There was cake and free ice skating when the Southampton Coliseum celebrated a new ‘lease on life’ on Sunday, October 20th (2019) at its re-opening after being closed for major renovations to the flooring and boards.
(L-R) Councilor Cheryl Grace, ice expert (ret’d) Hardy Henry, Mayor Luke Charbonneau, former Southampton Recreation Director Ted Quennell, former employee Robert “Butch” Johnson and Vice-deputy Mayor Mike Myatt
At one time however, Southampton Coliseum came close to being closed forever.
In January, 1976, the Industrial Safety Branch of the Ministry of Labour stepped in and told the town to close the arena and curling club because the building was structurally unsafe and did not meet minimum safety standards.
Southampton Recreation Committee Community Centre Board of Management immediately set up a committee of various representatives from interested organizations to study alternatives to the problem and make recommendations to the Board.
The recommendation was that a new building was warranted and that a fundraising campaign should be started immediately. Many were against the idea at the outset but long-time resident Cater Matheson reportedly said, “When I was young, somebody paid for me and now … it’s my turn.”
Council of the day, under the leadership of Mayor Maurice (Mo) O’Dwyer, however, decided that it would not fund the project and that the building would not be constructed until the entire amount of almost $1Million could be raised and so began the monumental fundraising task.
One of the major fundraising ideas was a decision to feature a raffle for a completely built home. While some thought the idea unfeasible, others were enthusiastic about it, including Dr. Herb Coleman who was determined the idea should go ahead … and it did.
The tickets were $1 each and were sold throughout the region and the province, including the Sportsmen’s Show in Toronto.
The ‘fundraising’ house today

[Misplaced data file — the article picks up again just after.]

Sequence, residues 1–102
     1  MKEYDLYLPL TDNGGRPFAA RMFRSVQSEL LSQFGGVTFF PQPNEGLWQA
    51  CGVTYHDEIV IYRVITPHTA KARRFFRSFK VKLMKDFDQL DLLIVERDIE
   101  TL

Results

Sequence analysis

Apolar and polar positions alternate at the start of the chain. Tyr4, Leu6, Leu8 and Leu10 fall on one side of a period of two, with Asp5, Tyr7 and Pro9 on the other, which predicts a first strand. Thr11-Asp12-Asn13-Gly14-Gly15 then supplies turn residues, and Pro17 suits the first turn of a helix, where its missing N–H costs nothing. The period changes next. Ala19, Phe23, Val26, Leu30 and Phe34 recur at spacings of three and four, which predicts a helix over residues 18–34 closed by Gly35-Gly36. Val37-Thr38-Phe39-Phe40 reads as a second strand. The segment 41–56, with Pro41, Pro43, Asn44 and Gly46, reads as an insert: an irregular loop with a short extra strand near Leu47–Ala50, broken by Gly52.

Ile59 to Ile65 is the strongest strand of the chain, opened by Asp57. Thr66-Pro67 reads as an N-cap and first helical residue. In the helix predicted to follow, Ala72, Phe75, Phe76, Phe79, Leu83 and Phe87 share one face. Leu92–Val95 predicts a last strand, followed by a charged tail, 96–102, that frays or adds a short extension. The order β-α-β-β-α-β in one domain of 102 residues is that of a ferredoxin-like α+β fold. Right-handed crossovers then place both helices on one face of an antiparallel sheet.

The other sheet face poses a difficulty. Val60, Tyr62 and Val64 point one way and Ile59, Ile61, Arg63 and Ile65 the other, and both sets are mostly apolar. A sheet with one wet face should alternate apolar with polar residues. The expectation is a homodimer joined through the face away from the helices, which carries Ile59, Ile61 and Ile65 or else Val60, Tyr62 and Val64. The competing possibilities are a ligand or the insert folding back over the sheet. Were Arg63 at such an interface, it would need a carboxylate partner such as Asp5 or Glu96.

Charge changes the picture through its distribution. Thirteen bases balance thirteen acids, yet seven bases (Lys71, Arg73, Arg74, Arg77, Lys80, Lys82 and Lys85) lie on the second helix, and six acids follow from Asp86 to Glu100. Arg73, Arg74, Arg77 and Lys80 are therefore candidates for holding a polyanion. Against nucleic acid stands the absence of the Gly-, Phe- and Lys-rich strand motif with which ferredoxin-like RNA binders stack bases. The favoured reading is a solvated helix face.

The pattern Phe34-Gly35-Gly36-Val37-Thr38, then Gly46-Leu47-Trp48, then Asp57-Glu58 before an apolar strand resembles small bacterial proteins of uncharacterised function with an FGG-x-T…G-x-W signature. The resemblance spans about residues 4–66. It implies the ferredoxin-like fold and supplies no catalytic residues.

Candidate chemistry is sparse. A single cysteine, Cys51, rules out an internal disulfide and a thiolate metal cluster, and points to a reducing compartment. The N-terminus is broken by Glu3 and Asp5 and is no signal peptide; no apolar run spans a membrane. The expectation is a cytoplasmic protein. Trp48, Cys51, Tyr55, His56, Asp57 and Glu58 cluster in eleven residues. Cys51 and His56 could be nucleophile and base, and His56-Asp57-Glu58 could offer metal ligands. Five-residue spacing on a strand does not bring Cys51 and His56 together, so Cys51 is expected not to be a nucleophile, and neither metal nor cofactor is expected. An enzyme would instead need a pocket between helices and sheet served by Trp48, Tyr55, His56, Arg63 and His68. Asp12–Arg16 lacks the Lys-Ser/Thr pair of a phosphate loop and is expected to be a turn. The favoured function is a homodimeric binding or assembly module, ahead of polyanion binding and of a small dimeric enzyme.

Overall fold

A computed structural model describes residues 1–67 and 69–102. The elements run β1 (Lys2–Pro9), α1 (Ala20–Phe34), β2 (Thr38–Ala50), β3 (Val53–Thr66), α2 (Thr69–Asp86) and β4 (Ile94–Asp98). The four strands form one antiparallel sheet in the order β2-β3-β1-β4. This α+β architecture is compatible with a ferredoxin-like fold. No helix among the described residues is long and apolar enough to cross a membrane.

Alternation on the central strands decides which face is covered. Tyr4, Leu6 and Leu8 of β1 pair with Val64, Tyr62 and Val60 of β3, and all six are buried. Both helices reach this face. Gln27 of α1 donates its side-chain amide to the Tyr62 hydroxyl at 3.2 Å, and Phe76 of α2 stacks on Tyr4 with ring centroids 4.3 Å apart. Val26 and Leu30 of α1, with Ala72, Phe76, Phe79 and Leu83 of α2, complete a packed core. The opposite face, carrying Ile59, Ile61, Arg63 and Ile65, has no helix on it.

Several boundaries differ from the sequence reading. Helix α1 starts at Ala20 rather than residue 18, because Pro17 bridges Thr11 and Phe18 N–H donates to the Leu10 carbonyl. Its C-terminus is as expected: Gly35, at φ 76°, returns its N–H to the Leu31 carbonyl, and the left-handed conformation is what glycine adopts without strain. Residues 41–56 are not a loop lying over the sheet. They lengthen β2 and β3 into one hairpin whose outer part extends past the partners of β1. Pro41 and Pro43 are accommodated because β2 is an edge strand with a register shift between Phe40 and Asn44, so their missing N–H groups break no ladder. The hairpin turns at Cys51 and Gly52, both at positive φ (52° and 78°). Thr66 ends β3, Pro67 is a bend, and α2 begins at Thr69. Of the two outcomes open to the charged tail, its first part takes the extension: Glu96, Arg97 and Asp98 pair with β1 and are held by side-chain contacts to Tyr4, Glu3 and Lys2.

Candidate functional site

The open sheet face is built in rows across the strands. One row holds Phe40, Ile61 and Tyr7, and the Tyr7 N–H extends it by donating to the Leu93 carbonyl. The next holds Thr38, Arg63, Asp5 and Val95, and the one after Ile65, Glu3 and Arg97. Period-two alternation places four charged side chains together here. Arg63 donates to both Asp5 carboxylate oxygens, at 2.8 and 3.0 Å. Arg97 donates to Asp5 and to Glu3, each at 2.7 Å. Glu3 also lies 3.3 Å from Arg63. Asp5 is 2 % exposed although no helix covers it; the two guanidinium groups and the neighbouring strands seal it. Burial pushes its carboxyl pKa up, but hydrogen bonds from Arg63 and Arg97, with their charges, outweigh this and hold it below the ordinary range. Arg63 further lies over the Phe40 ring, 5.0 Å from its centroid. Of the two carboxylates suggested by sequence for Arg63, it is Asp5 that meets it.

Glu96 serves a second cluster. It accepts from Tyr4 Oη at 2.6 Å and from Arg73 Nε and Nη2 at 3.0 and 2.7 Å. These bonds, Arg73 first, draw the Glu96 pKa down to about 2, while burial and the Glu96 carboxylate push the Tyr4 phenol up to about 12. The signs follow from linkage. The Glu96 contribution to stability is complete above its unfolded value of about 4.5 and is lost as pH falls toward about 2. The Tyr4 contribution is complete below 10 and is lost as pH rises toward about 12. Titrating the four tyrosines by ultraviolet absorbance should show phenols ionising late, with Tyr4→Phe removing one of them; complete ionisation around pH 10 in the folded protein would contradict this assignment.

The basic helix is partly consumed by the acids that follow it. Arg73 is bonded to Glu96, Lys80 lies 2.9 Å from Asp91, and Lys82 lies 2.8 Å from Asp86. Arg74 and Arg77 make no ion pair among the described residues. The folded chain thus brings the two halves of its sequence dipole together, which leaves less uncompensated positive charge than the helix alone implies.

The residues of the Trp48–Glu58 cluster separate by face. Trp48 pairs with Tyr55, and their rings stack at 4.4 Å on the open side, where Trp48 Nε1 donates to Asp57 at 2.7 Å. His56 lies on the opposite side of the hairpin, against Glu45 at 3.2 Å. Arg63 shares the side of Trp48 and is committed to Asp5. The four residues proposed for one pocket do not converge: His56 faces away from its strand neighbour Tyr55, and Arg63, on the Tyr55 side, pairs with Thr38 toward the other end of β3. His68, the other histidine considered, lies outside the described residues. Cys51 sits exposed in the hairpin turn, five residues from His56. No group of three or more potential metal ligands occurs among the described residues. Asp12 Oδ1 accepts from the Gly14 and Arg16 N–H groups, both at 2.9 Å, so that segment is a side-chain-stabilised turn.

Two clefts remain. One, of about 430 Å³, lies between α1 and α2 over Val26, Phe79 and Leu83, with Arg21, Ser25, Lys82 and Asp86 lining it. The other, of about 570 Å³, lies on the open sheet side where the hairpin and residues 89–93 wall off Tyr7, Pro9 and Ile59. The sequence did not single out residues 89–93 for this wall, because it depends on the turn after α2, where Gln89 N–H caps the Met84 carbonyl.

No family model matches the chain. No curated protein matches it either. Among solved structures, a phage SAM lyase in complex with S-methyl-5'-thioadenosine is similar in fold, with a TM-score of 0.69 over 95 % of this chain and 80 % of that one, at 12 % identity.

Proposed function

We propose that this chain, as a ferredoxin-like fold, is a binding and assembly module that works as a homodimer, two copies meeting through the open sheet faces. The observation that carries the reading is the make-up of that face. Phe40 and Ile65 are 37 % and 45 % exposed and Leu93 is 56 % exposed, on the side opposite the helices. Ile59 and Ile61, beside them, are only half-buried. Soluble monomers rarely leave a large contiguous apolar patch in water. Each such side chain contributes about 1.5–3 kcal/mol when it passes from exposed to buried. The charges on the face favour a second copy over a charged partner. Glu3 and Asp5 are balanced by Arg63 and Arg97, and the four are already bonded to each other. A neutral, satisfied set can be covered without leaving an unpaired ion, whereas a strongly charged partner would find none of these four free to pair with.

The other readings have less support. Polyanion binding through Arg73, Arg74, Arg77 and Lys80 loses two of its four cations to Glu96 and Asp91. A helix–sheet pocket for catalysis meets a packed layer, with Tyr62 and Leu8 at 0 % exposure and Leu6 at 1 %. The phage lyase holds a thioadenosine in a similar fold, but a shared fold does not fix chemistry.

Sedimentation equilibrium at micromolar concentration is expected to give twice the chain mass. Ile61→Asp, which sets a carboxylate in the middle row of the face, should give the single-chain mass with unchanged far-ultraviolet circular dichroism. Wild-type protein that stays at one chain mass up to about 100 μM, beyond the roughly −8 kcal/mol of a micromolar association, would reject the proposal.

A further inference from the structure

Despite the naysayers who said it couldn’t be done, the home in Chippewa Estates was built … completely by volunteers, most of them retirees, and with the highest quality materials, much of which were donated by various merchants and organizations or purchased at a very discounted price through Dr. Coleman’s connections. Local businesses stepped up providing services such as electrical, plumbing, grading work, dry-walling, eaves-troughing, roofing, stone work, brick laying, painting, surveying and all the other countless services needed to build a house.
The draw on Southampton’s ‘Shindig Weekend’ had a winner from Toronto, the Cormier family, who had purchased a single ticket and who subsequently sold the home.
The sale of tickets netted the committee $36,000 which was matched by the government of the day three to one.
In combination with other fundraising efforts, the community raised almost $1Million and, in April of 1977, Mayor O’Dwyer signed a contract with Logan Construction Ltd. of Stratford to build the Coliseum and Curling Club for a cost of $780,000.
The building was paid for before a shovel was put in the ground and, seven months later, on November 12th, 1977 the Coliseum was officially opened.
“It was a complete coming together of the community,” says Ron Seaman of Seaman & Son Builders and who was on Council at the time. “Volunteers of every sort stepped in to help and offer their skills. Others, like Ted Quennell and Hardy Henry, were also there from the beginning. I remember the ice plant was designed so the building could be used year round and it also supported both the arena and the curling club. It was state-of-the-art and there was nothing like it in southwestern Ontario at the time.
Today, the arena and curling club annex are still a hub of the community where tournaments, public skating and special events are held.